Las Vegas casinos do a lot of stuff to mitigate risk, especially risk of theft. Just look at how many cameras they have above you next time you're walking through a casino.
People will try to cheat or steal, which causes you to lose money, so you monitor them, reducing your risk.
But the biggest losses casinos have failed to prevent tend to be anything but predictable. An example, courtesy of Nassim Nicholas Taleb in his book The Black Swan:
First, they lost around $100 million when an irreplaceable performer in their main show was maimed by a tiger (the show, Siegfried and Roy, had been a major Las Vegas attraction).
The tiger had been reared by the performer and even slept in his bedroom; until then, nobody suspected that the powerful animal would turn against its master.
In scenario analyses, the casino had even conceived of the animal jumping into the crowd, but nobody came near to the idea of insuring against what happened.
Casinos must file a special form with the Internal Revenue Service documenting a gambler’s profit if it exceeds a given amount.
The employee who was supposed to mail the forms hid them, instead, for completely unexplainable reasons, in boxes under his desk. This went on for years without anyone noticing that something was wrong.
The employee’s refraining from sending the documents was truly impossible to predict.
Tax violations (and negligence) being serious offences, the casino faced the near loss of a gambling license or the onerous financial costs of a suspension.
Clearly they ended up paying a monstrous fine (an undisclosed amount), which was the luckiest way out of the problem.
The essential idea in The Black Swan is that rare events cannot be estimated from empirical observation since they are rare.
You can't predict the unpredictable. And I'll bet in recent memory you've heard someone say this:
Who could have predicted the COVID-19 pandemic?
A pandemic? Sure, predictable. But this exact pandemic at this exact time, and the specific reactions of governments and their citizens to this new perceived threat? Not so predictable.
And yet, I can't help but wonder: Why are people so surprised to be surprised?
We cannot predict what will happen.
...and that's my intro to the following 5 things that I suspect — but of course don't know — will happen in this decade.
1. Universities will be decimated
What is the value of a university education?
No, that question is too broad. Let's divide it into three questions.
1. What is the value of attending a highly prestigious (e.g. Ivy League) university?
Connections and prestige. You're essentially paying tens of thousands of dollars per year to be part of a country club. This can pay off quite well if you utilize it as such. It's not for most prospective students, though.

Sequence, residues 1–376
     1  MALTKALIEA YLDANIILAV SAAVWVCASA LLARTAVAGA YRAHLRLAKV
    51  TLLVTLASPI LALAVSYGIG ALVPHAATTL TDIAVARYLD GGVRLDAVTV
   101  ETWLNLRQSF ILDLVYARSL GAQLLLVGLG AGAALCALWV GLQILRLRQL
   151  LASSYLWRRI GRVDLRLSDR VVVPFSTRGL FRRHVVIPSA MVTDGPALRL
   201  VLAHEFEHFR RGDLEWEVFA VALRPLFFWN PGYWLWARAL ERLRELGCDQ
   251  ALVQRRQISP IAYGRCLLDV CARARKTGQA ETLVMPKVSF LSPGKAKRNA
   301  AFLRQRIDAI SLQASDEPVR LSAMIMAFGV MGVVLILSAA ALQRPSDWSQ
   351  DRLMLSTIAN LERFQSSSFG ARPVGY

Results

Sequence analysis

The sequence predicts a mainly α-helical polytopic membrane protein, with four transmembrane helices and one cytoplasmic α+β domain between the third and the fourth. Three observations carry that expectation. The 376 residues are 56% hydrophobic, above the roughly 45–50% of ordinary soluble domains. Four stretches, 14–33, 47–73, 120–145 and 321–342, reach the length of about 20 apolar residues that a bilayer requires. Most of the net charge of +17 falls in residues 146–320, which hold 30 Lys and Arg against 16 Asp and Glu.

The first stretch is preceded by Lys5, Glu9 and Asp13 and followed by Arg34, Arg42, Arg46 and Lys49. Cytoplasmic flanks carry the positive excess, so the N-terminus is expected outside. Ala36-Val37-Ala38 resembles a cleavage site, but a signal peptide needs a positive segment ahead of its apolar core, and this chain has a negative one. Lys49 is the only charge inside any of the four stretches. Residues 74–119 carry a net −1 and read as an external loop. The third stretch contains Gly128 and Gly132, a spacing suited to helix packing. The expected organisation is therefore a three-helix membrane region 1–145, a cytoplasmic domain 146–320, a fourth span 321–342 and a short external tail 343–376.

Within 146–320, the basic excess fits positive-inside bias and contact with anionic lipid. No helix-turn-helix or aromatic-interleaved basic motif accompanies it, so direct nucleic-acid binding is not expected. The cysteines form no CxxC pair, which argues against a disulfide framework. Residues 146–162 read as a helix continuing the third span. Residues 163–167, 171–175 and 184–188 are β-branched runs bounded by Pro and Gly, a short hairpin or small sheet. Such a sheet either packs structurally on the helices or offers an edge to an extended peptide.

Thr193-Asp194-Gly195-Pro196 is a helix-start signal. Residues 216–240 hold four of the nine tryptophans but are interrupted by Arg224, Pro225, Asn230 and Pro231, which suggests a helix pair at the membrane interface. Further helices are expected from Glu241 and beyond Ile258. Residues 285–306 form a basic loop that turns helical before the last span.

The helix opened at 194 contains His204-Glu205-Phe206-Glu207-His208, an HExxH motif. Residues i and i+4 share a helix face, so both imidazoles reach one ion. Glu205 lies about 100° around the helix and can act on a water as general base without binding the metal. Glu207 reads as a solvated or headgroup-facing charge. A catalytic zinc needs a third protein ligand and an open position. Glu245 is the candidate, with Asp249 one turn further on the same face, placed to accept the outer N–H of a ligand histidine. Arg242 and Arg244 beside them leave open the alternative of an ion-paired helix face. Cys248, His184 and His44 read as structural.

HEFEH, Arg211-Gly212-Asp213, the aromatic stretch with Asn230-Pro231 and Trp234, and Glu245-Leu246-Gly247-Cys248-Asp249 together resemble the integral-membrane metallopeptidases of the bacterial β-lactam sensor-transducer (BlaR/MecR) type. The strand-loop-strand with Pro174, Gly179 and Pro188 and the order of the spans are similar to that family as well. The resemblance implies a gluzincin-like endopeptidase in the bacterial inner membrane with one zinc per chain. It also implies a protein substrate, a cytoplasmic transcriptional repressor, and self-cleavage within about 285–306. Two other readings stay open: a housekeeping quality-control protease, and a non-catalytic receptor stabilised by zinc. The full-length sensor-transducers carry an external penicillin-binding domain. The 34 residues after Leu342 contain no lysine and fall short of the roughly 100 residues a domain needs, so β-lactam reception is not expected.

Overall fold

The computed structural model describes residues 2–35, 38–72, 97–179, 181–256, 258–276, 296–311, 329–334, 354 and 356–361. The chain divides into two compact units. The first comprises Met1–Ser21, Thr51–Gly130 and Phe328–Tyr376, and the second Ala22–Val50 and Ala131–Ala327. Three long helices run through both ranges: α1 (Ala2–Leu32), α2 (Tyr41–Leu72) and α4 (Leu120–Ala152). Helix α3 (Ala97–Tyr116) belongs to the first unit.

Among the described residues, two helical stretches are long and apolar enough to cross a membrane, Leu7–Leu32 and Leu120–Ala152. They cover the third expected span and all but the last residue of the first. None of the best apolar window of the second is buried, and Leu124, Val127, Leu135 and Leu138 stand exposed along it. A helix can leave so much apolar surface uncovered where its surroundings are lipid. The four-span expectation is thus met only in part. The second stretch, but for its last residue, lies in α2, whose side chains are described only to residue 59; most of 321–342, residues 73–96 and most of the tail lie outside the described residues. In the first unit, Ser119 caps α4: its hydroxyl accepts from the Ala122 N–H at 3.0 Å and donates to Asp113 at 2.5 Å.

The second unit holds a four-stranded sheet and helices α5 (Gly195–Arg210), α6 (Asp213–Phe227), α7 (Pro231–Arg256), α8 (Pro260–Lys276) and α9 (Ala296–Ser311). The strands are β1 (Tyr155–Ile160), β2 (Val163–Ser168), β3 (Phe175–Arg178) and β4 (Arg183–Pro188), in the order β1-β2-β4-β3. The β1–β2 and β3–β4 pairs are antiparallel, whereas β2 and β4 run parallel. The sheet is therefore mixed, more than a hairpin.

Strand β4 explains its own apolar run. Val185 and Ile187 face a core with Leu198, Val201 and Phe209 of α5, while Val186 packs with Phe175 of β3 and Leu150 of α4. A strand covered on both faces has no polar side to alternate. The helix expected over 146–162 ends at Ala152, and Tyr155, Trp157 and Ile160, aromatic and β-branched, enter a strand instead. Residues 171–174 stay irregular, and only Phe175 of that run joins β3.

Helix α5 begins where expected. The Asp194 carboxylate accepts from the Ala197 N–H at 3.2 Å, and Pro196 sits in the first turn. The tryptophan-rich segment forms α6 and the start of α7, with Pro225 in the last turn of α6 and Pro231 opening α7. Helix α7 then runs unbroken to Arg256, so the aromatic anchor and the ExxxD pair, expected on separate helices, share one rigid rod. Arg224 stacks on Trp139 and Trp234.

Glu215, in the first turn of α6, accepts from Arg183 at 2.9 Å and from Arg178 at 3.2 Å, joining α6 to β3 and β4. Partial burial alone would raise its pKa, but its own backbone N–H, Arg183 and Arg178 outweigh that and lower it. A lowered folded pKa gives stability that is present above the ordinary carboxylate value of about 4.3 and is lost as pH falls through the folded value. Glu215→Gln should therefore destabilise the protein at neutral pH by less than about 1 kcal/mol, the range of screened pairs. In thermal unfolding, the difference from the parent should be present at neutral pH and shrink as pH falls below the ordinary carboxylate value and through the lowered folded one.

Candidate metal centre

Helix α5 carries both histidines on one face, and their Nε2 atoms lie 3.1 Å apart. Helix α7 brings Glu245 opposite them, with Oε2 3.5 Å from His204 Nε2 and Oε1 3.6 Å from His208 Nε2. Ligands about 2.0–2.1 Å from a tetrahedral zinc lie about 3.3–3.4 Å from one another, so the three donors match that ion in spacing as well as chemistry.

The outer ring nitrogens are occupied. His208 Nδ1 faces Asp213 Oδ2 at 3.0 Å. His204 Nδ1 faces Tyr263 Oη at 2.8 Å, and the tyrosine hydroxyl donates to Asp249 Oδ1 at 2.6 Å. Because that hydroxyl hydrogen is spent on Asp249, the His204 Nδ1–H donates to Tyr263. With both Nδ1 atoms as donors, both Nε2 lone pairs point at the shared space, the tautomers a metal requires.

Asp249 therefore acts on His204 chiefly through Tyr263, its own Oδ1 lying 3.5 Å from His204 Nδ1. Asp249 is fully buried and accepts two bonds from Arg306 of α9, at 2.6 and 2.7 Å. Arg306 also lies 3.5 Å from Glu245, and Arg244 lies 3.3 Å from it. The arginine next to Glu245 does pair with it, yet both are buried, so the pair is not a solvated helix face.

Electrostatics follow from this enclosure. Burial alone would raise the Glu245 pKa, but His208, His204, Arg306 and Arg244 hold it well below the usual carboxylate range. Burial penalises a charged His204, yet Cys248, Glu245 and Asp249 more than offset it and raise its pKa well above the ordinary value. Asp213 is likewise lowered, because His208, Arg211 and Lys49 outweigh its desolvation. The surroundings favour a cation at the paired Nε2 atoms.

2. What is the value of studying to be an accountant, doctor, lawyer, etc. at a university?
You can get a high-paying job (and a whole bunch of student loans) when you're done.
3. What is the value of attending a university but not for the two reasons mentioned above?
Well, it's a life experience. You leave your home, set off on your own, meet new people, learn new things, have fun.
Right. And is there any reason I couldn't do that by:
- Volunteering to be a free personal assistant for someone who has my dream job?
- Attending a language school in a foreign country?
- Joining an online community of people interested in the same things as me?
- Joining a mastermind, online course, etc. that provides the exact skills I want (i.e. not wasting time and money on "general education")?
- Moving to a new city, renting a room with some people my age, working my ass off at whatever job I can find, and making an effort to be social with new people?
I'm not saying that universities don't train people for other jobs. But they are going to have an increasingly difficult time being the best option for people who want to train for those jobs.
They're still managing this for some professions. But every hungry entrepreneur with a laptop and the requisite knowledge is eyeing a feast for the taking.
Just a month ago, LinkedIn released a list of the 15 jobs "experiencing the highest year-over-year growth between April and October 2020." They grouped them into these areas:
- Frontline Ecommerce Worker — Driver, Supply Chain Associate, etc.
- Loan and Mortgage Experts — Underwriter, Mortgage Loan Officer, etc.
- Health Care Supporting Staff — Pharmacy Technician, Dental Assistant, etc.
- Business Development and Sales Professionals
- Experts in Workplace Diversity
- Digital Marketing Professionals
- Education Professionals — Teaching Assistant, Elementary School Teacher, etc.
- Digital Content Creators
- Professional and Personal Coaches
- Specialized Engineers
- Mental Health Specialists
- User Experience (UX) Professionals
- Data Science Specialists
- Artificial Intelligence Practitioners